Consider one of the following online programs currently taking applications now:
School Level Program Admissions
Seton Hall University Master MSN: Psychiatric Nurse Practitioner Website
George Mason University Master MSN - Family Nurse Practitioner Website
Sacred Heart University Master RN to BSN to Master of Science in Nursing Website
University of West Florida Bachelor RN to BSN Website
Campbellsville University Master Online MSN with FNP Track Website
Campbellsville University Bachelor RN to BSN Website
Alvernia University Bachelor RN to BSN Website
Benedictine University Master Master of Science in Nursing Website
Benedictine University Master Nurse Educator MSN Website

View more online featured programs:

School Level Program Admissions
Campbellsville University Bachelor RN to BSN Website
Alvernia University Bachelor RN to BSN Website
Benedictine University Master Master of Science in Nursing Website
Benedictine University Master Nurse Educator MSN Website
Benedictine University Master Nurse Executive Leader MSN Website
Benedictine University Bachelor RN to Bachelor of Science in Nursing (RN-BSN) Website
Concordia University - Saint Paul Bachelor RN to BSN Website
East Central University Bachelor RN to BSN Website
Fairleigh Dickinson University Master MSN - Family Nurse Practitioner Website

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PMH specialties: substance abuse (addictions) nursing

The latest data from the Substance Abuse and Mental Health Services Administration shows that up to 75 percent of all substance abuse cases occur by age 25. While trends fluctuate with regard to the type of substance abused, the overall rate has stayed the same for the past 10 years. The U.S. government acknowledges the value of prevention and the enormous cost of these disorders.

To that end, the Affordable Care Act stipulates a number of changes, and the demand for psychiatric mental health (PMH) nurses who specialize in substance abuse treatment will no doubt soar. In coming years, services will become more widely available to substance abuse patients including increased treatment options and preventive services. Funds will be available (including Medicaid reimbursement) for clinics and group homes providing services and outreach for substance abuse treatment.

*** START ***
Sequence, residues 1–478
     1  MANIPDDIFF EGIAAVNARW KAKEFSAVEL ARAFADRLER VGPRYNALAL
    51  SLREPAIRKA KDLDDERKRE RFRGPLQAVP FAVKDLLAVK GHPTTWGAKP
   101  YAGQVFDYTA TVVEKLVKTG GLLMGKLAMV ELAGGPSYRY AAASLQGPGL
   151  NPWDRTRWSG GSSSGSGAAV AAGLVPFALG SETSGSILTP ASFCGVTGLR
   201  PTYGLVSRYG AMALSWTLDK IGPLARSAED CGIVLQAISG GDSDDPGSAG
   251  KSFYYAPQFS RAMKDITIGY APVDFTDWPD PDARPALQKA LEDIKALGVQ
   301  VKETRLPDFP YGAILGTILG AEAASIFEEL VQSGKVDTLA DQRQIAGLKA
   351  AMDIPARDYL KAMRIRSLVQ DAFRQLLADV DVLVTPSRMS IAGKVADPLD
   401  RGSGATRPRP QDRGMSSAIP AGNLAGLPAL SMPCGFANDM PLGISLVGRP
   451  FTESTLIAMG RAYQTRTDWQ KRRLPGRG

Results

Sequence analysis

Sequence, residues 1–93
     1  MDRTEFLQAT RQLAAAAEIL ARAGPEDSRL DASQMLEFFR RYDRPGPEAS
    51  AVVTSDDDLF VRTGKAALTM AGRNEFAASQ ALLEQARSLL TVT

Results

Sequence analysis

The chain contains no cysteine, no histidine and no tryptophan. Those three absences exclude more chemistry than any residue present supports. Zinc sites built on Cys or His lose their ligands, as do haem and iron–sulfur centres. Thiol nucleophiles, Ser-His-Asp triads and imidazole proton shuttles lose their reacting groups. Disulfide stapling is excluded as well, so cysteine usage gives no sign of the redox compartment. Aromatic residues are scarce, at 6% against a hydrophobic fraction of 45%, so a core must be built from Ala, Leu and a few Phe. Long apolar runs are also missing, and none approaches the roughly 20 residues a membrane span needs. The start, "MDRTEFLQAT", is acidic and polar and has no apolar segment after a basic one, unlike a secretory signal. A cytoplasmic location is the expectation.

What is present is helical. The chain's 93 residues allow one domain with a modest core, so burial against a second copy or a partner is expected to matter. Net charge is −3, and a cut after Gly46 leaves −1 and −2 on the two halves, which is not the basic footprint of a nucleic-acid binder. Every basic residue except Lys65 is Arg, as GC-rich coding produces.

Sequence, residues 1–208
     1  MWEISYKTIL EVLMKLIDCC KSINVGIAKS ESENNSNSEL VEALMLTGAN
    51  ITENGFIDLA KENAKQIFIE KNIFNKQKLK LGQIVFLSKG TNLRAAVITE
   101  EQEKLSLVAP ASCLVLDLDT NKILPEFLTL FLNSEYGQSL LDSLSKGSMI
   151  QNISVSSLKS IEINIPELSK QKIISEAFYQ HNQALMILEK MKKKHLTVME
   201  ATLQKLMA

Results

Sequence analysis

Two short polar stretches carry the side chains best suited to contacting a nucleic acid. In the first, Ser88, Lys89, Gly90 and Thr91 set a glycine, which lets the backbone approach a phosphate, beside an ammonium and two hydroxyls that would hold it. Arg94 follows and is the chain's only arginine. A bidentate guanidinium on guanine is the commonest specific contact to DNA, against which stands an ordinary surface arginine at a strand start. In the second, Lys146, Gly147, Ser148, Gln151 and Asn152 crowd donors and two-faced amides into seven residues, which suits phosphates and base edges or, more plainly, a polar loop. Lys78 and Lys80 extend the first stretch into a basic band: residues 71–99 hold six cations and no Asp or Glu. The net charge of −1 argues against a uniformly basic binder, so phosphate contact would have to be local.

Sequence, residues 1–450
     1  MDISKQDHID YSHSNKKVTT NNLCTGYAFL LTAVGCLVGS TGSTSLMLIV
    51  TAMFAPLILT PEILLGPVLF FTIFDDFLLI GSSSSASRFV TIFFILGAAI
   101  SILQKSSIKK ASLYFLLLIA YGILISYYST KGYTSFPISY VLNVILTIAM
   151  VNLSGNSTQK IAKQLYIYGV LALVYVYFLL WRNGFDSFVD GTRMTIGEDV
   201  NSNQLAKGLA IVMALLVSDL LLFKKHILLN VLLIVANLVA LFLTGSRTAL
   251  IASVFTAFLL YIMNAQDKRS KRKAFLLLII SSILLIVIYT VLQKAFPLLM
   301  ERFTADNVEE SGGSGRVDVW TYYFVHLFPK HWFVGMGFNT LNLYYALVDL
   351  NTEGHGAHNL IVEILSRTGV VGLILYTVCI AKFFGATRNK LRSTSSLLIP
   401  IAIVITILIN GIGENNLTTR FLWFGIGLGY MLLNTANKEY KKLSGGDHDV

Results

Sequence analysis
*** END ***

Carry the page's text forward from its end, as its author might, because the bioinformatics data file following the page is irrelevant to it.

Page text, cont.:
Working in addictions nursing

Substance abuse nursing is a specialty that is changing from treatment of people with drug and alcohol addictions (including nicotine) to treatment of any disorder that has an addictions component such as eating disorders, gambling, or sex disorders. Increasingly, this specialty is being called addictions nursing.

A better understanding of how to treat substance abuse has resulted in more outpatient or community-based treatment as opposed to inpatient hospitals. Many substance abuse nurses still work in inpatient facilities (general hospitals, substance abuse centers, or psychiatric facilities) but more opportunities are being created in community-based services and outreach. Some addictions nurses work strictly in prevention in settings such as at-risk communities, schools, and workplaces.

Medical experts have long agreed that substance abuse is a disease, just like bipolar disorder or diabetes, so addictions nurses must always keep in mind that addictions disorders are treatable and people can recover from them. Relapse is frequent among addicted patients, so nurses must maintain their boundaries and avoid moral judgment.

Addictions nurses assess patients, make a plan for nursing treatment, and then implement and evaluate that plan. Duties included in this process may be withdrawal treatment, medication administration and monitoring, counseling, and working with other healthcare professionals to monitor other coexisting health conditions. A large part of their job is teaching patients and groups coping strategies to deal with short-term and long-term management of their disease. This may include suicide prevention counseling. Advanced practice nurses who specialize in addiction can also diagnose and prescribe for patients, and sometimes work as researchers, educators or consultants.

Is it for you?

You don’t learn substance abuse nursing in school. You may have a clinical rotation in the specialty but you really learn it on the job. Many nurses choose this specialty because of personal experience with addictions in themselves, a family member, or a close friend. To find out if you are cut out for this work you might consider volunteering in a community outreach program or a treatment facility.

Still Looking for a Nursing Program?

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